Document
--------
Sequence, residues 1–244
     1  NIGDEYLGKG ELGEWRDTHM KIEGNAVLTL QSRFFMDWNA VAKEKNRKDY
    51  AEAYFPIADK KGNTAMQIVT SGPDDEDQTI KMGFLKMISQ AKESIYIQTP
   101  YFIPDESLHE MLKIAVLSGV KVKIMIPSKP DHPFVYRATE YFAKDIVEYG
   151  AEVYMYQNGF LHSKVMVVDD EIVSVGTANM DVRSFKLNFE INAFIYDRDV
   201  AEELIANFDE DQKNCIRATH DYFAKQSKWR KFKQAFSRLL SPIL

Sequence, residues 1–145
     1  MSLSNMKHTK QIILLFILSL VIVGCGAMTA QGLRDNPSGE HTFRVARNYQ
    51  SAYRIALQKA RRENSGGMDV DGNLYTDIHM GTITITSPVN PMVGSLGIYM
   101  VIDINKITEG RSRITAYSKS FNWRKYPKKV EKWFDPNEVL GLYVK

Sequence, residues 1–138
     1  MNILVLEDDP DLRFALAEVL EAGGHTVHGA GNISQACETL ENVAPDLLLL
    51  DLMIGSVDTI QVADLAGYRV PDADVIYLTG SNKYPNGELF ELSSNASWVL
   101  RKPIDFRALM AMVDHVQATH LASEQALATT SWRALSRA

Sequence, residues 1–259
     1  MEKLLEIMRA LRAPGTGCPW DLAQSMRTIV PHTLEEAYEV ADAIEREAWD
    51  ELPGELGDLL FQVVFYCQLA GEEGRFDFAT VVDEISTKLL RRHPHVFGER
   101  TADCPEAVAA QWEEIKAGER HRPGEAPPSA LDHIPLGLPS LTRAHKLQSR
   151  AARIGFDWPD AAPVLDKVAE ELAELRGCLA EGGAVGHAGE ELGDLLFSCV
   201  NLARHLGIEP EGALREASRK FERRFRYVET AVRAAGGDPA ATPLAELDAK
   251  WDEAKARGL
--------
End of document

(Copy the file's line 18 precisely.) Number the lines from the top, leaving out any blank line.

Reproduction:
   101  TADCPEAVAA QWEEIKAGER HRPGEAPPSA LDHIPLGLPS LTRAHKLQSR